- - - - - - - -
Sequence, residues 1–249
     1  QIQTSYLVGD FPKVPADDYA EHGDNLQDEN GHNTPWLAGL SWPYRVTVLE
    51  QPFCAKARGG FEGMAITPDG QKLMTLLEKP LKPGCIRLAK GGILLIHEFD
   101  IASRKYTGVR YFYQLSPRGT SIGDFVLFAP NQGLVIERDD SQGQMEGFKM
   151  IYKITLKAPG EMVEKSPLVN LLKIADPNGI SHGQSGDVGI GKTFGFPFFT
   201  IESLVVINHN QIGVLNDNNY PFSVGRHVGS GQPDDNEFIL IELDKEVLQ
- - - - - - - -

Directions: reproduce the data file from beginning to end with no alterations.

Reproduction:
Sequence, residues 1–249
     1  QIQTSYLVGD FPKVPADDYA EHGDNLQDEN GHNTPWLAGL SWPYRVTVLE
    51  QPFCAKARGG FEGMAITPDG QKLMTLLEKP LKPGCIRLAK GGILLIHEFD
   101  IASRKYTGVR YFYQLSPRGT SIGDFVLFAP NQGLVIERDD SQGQMEGFKM
   151  IYKITLKAPG EMVEKSPLVN LLKIADPNGI SHGQSGDVGI GKTFGFPFFT
   201  IESLVVINHN QIGVLNDNNY PFSVGRHVGS GQPDDNEFIL IELDKEVLQ